HEALTH

Higher Tax On Sugar-Sweetened Beverages Could Prevent Obesity And Diabetes Cases, Study Says

NEW YORK - OCTOBER 07:  Soda is displayed in a market October 7, 2010 in the Brooklyn borough of New York City. New York Mayor Michael Bloomberg is proposing an initiative that would prohibit New York City's 1.7 million food stamp recipients from using the stamps, a subsidy for poor residents, to buy soda or other sugary drinks. Bloomberg has stressed that obesity among the poor has reached critical levels.  (Photo by Spencer Platt/Getty Images)

NEW YORK - OCTOBER 07: Soda is displayed in a market October 7, 2010 in the Brooklyn borough of New York City. New York Mayor Michael Bloomberg is proposing an initiative that would prohibit New York City's 1.7 million food stamp recipients from using the stamps, a subsidy for poor residents, to buy soda or other sugary drinks. Bloomberg has stressed that obesity among the poor has reached critical levels. (Photo by Spencer Platt/Getty Images)  (2010 Getty Images)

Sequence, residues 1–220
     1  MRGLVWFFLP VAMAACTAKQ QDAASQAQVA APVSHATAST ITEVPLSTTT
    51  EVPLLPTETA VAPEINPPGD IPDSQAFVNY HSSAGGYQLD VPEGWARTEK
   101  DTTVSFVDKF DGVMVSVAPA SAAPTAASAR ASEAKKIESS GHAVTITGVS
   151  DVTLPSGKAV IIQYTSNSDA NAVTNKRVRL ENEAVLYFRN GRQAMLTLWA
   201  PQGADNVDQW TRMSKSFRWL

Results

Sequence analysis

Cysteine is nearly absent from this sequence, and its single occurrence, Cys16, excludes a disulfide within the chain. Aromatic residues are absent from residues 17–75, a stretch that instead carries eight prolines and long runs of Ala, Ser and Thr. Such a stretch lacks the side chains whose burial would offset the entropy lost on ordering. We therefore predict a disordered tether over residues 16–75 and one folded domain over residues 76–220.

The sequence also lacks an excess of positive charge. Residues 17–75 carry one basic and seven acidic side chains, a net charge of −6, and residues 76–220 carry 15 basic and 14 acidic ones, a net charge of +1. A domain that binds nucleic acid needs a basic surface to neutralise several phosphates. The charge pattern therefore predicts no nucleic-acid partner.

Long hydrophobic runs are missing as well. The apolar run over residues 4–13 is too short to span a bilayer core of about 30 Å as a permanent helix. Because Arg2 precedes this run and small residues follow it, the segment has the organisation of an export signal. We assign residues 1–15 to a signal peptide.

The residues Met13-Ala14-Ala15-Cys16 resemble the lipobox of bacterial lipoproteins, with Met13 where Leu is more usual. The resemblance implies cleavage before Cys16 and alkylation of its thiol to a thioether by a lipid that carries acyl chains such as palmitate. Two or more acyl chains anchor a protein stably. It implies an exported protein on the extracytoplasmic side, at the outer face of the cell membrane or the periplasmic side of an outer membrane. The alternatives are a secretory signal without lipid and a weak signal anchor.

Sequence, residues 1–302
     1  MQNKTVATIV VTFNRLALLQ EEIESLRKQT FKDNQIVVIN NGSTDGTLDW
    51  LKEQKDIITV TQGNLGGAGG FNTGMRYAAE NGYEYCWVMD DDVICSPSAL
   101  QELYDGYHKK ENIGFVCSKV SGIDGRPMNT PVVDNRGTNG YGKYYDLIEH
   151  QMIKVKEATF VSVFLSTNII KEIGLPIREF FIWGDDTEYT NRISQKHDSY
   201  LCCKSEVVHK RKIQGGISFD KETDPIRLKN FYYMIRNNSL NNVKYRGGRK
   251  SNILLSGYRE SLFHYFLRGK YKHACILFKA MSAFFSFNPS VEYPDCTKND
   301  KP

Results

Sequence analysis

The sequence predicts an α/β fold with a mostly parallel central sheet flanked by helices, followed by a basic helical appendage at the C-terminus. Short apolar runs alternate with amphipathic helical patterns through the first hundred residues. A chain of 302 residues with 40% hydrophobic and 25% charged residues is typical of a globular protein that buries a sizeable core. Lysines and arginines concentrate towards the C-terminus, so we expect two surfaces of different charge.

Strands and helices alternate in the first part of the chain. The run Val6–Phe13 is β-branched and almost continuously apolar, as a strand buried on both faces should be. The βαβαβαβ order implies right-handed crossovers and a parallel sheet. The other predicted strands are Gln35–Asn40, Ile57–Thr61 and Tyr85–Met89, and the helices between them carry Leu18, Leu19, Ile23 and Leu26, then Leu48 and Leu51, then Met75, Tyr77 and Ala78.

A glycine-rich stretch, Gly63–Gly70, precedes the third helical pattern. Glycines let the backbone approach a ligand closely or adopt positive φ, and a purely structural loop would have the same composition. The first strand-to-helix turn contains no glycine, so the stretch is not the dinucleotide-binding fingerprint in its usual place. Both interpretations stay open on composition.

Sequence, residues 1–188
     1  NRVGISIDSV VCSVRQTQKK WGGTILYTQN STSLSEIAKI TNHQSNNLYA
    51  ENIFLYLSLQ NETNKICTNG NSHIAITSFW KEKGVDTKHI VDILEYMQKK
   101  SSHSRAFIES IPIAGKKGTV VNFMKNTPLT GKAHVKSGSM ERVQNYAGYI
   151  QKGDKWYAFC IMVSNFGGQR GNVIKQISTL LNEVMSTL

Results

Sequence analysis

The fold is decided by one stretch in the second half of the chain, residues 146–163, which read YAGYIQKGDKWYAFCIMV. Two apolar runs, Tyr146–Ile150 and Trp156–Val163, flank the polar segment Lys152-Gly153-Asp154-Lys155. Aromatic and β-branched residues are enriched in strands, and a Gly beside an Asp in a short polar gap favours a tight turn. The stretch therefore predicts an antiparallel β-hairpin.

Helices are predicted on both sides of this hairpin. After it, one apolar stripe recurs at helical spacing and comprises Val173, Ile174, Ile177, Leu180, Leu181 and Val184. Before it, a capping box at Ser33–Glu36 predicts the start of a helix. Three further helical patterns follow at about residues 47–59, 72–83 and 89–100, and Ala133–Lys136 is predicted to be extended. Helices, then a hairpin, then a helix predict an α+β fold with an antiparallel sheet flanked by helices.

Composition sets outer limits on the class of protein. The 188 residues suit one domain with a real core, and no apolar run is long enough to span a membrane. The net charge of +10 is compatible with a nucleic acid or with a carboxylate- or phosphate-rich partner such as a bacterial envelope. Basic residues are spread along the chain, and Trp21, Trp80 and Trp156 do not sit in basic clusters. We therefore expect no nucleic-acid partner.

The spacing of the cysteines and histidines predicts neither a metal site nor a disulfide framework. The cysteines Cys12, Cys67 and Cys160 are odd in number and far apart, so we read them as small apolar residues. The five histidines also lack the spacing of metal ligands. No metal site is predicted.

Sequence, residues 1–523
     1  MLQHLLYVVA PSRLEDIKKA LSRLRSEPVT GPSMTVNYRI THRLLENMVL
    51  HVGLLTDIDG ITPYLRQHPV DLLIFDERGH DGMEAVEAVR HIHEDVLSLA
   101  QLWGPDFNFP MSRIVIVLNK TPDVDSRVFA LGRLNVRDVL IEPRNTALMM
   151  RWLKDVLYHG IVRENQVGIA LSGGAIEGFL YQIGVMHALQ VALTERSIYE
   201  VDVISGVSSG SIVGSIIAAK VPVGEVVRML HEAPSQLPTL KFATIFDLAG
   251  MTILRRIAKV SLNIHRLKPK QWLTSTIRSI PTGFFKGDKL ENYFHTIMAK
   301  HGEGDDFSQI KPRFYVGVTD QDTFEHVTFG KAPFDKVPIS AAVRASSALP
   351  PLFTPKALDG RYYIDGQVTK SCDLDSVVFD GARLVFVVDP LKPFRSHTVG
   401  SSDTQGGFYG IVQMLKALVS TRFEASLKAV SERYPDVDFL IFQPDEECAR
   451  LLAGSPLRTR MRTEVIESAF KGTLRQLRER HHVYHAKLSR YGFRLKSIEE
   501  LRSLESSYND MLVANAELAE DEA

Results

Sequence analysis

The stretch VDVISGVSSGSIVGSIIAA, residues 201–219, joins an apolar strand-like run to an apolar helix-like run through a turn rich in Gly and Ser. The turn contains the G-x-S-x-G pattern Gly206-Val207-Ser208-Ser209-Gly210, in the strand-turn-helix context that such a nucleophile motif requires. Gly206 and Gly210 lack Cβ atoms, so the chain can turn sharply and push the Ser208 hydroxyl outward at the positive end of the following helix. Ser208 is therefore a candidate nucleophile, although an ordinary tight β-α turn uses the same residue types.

A nationwide tax could do wonders for your waistline and wallet.

Increasing the tax on sugary drinks by just a penny-per-ounce tax on sugar-sweetened beverages could cut consumption and disease, according to a study conducted by Y. Claire Wang, MD, ScD, of Columbia University in New York City, and colleagues, eventually helping to prevent heart attacks, strokes, cases of diabetes and premature deaths.

According to the study, Americans consumed 13.8 billion gallons of sugar-sweetened beverages in 2009, or approximately 45 gallons of soda, fruit punch, sweetened tea, sports drinks, and all other beverages with added caloric sweeteners per person.

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